Take the 2-minute tour ×
Stack Overflow is a question and answer site for professional and enthusiast programmers. It's 100% free, no registration required.

I'm using jquery ui autocomplete and want to decipher between focus events triggered by keyboard interaction and mouse interaction. How would I go about this?

$('input').autocomplete({
    source: function(request, response) {
        ...
    },
    focus: function(event, ui) {
        // If focus triggered by keyboard interaction
            alert('do something');
        // If focus event triggered by mouse interaction
            alert('do something else');
    }
});

Thanks

share|improve this question
1  
Well, the only way I know of to focus with a mouse is the click event, but how to recognize the keyboard focus - good question. I'd assume that checking what key was pressed (TAB only?) would be the right idea, but I'm not too sure. Maybe checking if click was fired on focus()? Not sure how to do these off the top of my head, but maybe this will help some one who wants to take a stab at this. –  Wesley Murch Apr 13 '11 at 17:48
    
The two things I am trying to segregate are actually using arrow keys to move down/up the autocomplete list, and hovering over the autocomplete list items with the mouse. UI autocomplete handles mouse clicks by selecting the item and closing autocomplete - taking a select parameter seperately. –  user623520 Apr 13 '11 at 17:59

3 Answers 3

up vote 3 down vote accepted

The only way I can think of doing this is to have a handler listen in on the keypress and click events, and toggle a boolean flag on/off. Then on the focus handler of your input, you can just check what the value of your flag is, and go from there.

Probably something like

var isClick;
$(document).bind('click', function() { isClick = true; })
           .bind('keypress', function() { isClick = false; })
           ;

var focusHandler = function () {
    if (isClick) {
        // clicky!
    } else {
        // tabby!
    }
}

$('input').focus(function() {
    // we set a small timeout to let the click / keypress event to trigger
    // and update our boolean
    setTimeout(focusHandler,100);
});

Whipped up a small working prototype on jsFiddle (don't you just love this site?). Check it out if you want.

Of course, this is all running off a focus event on an <input>, but the focus handler on the autocomplete works in the same way.

The setTimeout will introduce a bit of lag, but at 100ms, it might be negligible, based on your needs.

share|improve this answer
    
Also a great idea - but I'm actually not looking for click, but for hover : ) –  user623520 Apr 13 '11 at 21:07
    
In that case, it shouldn't be too hard to switch out the click handler for a hover (or better yet I think, a mousein) handler. Let me see if I can whip up something in a while. :D –  Richard Neil Ilagan Apr 14 '11 at 3:58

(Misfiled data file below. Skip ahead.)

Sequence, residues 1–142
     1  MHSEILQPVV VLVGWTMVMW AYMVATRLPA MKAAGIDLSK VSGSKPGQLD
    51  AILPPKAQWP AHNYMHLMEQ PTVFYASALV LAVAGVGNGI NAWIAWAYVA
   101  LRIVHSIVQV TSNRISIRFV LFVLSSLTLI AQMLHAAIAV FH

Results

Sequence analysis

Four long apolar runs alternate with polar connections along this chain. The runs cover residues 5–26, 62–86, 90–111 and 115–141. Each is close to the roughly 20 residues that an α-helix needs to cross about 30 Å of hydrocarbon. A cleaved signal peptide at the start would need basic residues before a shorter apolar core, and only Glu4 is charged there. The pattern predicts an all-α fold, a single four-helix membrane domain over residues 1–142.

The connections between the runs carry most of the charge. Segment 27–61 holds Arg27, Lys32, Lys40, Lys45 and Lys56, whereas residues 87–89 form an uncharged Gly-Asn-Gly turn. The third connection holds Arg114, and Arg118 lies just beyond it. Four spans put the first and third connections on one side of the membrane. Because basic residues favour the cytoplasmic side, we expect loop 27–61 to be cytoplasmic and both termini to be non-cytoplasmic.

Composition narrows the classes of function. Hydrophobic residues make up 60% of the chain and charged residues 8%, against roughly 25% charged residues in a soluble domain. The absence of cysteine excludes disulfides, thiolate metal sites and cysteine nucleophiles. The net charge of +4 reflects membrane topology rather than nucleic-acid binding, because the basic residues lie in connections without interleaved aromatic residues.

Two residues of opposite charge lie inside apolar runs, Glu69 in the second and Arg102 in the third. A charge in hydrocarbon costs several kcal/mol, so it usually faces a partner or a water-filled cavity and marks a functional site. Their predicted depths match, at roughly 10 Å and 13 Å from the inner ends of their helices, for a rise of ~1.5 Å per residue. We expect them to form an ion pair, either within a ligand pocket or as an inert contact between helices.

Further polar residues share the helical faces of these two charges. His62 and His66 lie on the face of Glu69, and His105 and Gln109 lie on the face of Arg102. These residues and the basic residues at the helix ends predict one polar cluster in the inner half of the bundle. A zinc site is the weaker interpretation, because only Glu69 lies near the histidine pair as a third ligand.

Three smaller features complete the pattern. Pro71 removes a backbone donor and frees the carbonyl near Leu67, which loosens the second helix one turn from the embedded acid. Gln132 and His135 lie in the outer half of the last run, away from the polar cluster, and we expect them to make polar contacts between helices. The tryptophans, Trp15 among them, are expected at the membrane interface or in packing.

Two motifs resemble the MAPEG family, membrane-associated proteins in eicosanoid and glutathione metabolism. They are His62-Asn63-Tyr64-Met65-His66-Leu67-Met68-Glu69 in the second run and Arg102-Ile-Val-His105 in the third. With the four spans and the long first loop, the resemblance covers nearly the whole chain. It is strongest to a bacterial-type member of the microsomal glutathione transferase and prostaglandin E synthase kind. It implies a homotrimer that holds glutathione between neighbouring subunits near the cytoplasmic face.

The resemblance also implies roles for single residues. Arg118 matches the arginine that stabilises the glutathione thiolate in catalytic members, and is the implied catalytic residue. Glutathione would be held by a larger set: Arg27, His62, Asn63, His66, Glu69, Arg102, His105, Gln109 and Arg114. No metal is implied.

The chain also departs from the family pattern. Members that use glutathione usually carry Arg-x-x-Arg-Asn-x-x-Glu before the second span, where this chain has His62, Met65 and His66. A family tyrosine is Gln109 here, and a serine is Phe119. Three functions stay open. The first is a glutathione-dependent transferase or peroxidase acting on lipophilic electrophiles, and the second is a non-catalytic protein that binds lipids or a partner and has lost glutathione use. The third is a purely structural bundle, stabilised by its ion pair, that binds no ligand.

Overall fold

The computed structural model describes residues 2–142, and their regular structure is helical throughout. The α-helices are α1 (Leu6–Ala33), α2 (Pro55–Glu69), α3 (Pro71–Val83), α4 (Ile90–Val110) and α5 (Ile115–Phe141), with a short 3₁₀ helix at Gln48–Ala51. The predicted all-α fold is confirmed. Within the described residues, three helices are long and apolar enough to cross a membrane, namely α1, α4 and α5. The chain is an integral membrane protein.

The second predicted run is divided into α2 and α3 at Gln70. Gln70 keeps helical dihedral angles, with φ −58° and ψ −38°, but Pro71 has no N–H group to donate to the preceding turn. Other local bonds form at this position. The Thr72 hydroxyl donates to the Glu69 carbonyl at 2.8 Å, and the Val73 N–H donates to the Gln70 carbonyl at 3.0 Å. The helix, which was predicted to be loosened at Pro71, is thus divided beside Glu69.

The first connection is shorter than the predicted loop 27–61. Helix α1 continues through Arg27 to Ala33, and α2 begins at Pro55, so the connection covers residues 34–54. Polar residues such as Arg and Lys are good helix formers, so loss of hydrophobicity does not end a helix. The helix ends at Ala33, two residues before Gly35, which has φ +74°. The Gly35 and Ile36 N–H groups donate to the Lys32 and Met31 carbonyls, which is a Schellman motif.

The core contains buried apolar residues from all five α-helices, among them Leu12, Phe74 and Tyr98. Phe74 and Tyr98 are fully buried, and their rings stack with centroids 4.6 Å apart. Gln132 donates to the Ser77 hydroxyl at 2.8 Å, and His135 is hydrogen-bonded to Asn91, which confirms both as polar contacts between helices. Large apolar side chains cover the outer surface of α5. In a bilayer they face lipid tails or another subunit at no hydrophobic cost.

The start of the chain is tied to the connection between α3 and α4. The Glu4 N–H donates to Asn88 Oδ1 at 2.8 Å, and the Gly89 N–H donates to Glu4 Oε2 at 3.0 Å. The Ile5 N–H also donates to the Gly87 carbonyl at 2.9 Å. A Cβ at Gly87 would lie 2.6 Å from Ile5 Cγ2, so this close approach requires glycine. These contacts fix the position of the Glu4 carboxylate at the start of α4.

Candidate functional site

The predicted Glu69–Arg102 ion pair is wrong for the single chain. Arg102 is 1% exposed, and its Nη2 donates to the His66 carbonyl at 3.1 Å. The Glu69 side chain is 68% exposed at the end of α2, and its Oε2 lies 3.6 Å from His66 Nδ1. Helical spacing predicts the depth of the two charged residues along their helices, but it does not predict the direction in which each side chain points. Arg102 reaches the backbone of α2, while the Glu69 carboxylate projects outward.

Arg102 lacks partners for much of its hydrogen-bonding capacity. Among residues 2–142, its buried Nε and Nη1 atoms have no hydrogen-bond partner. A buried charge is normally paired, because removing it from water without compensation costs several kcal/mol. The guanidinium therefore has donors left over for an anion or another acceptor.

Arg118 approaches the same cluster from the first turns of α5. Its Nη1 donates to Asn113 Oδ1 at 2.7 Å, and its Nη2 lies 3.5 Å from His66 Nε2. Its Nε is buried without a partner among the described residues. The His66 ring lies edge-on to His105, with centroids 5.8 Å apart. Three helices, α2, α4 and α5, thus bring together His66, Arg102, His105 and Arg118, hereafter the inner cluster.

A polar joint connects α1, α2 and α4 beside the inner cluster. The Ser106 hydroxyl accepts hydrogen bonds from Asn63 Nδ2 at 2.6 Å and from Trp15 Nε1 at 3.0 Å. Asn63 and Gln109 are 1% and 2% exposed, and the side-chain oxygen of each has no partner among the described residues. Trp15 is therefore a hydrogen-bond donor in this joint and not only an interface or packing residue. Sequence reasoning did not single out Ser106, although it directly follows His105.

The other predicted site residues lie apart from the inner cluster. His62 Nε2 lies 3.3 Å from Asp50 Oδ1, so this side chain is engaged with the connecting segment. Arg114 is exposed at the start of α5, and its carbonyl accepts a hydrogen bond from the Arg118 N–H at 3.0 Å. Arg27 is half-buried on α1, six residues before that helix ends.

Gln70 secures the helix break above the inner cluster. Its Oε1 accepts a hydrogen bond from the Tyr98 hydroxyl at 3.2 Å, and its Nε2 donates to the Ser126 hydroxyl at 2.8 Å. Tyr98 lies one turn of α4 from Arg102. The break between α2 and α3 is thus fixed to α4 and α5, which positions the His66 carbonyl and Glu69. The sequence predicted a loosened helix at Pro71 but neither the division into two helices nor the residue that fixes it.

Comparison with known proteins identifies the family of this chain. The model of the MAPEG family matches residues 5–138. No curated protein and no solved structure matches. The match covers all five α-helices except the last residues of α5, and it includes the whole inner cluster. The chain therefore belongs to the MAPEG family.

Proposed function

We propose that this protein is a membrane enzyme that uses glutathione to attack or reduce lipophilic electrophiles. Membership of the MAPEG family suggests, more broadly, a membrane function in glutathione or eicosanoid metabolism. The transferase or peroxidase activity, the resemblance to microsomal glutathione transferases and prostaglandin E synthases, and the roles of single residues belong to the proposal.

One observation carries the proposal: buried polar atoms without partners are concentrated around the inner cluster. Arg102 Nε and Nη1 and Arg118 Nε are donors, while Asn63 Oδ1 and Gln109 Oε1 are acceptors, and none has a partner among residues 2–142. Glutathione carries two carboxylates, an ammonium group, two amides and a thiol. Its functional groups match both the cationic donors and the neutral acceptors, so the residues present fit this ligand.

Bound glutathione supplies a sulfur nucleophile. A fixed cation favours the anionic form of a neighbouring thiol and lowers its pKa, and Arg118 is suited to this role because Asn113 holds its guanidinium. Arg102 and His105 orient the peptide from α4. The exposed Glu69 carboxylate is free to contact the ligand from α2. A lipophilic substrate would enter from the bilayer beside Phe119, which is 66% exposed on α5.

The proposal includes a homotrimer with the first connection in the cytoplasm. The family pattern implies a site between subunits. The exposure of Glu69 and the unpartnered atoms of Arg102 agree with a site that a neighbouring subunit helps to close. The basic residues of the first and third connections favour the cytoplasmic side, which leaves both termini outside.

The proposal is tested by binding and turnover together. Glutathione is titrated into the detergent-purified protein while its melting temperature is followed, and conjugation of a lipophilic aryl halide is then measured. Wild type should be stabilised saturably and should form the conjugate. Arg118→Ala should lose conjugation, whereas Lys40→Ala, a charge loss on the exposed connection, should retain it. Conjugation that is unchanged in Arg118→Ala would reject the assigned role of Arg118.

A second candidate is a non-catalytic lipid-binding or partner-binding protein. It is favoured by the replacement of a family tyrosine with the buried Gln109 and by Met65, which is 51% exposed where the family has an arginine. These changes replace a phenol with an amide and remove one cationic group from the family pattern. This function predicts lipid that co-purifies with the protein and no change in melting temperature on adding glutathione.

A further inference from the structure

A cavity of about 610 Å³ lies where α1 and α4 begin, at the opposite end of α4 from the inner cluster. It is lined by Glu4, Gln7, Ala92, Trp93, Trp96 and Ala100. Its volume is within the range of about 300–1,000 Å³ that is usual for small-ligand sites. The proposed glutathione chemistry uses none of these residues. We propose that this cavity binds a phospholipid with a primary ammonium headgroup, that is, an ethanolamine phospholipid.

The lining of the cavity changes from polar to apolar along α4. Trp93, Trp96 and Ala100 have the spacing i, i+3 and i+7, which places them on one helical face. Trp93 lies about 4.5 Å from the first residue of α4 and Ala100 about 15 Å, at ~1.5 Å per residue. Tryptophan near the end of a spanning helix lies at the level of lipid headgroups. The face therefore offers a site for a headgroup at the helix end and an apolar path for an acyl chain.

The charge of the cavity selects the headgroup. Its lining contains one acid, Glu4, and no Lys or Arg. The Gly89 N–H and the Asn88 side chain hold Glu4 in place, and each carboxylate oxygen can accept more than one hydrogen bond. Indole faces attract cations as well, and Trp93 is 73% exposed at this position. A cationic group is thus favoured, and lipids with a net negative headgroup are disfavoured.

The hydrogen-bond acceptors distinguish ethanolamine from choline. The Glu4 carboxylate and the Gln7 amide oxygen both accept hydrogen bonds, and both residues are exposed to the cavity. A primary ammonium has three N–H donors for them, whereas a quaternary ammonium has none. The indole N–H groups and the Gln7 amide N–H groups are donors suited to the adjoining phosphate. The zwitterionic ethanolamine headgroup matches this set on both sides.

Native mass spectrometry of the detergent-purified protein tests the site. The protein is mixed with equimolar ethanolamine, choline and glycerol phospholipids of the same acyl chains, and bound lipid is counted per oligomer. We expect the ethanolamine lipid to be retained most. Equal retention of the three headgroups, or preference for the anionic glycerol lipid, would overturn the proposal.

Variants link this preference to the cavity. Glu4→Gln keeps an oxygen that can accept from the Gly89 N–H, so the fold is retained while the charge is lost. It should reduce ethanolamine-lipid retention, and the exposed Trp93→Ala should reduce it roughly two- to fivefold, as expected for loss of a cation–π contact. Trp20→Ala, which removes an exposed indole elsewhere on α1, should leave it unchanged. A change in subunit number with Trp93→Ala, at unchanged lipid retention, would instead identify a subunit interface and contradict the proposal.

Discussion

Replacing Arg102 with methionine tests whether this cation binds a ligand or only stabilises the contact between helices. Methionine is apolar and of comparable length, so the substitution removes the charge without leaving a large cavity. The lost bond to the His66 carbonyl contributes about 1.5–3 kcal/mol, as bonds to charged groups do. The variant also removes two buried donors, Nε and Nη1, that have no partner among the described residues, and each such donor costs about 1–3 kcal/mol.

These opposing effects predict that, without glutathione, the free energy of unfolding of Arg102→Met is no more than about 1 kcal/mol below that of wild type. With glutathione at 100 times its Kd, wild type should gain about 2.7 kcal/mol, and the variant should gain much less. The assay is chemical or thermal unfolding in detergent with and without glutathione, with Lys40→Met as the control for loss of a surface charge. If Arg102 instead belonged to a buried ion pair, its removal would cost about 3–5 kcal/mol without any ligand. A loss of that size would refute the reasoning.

setTimeout for the focus handler. Great idea. –  Marco Luglio Aug 12 '13 at 18:57
    
the keydown event is more reliable, i think –  emfi Mar 5 at 9:56

You should actually be able to determine this from the event-Object that is passed into the focus-event. Depending on your code structure this might be different, but there is usually a property called originalEvent in there, which might be nested to some depth. Examine the event-object more closely to determine the correct syntax. Then test on mousenter or keydown via regular expression. Something like this:

focus: function(event, ui){
  if(/^key/.test(event.originalEvent.originalEvent.type)){
    //code for keydown
  }else{
    //code for mouseenter and any other event
  }
}
share|improve this answer
    
event.originalEvent.originalEvent.type gives me Cannot read property 'type' of undefined in Chrome v34 –  poshest Apr 23 '14 at 23:57

The first thing that comes to mind is that you can find the position of the mouse and check to see if its within the position of the element

Use this to store the position of the element:

var input = $('#your_autocompleted_element_id'),
    offset = input.offset(),
    input_x = offset.top,
    input_y = offset.left,
    input_w = input.outerWidth(),
    input_h = input.outerHeight();

Then use this to find absolute position of the mouse within the window:

var cur_mx, cur_my;
$(document).mousemove(function(e){
   cur_mx = e.pageX;
   cur_my = e.pageY;
});

Then in your autcomplete setup:

focus: function(event, ui) {
   // mouse is doing the focus when...
   // mouse x is greater than input x and less than input x + input width
   // and y is greater than input y and less than input y + input height
   if (cur_mx >= input_x && cur_mx <= input_x + input_w && cur_my >= input_y && cur_my <= input_y + input_h) {
      // do your silly mouse focus witchcraft here
   } else {
      // keyboard time!
   }
}
share|improve this answer
    
... but then, there's always the off-chance that the mouse cursor will be over the just-focused element during a tab keypress. :p –  Richard Neil Ilagan Apr 13 '11 at 19:07
    
Yeah this is a great idea. But as RIchard points out it wouldn't work if the mouse happened to be positioned over the autocomplete area. +1 for effort though! –  user623520 Apr 13 '11 at 21:06

Your Answer

 
discard

By posting your answer, you agree to the privacy policy and terms of service.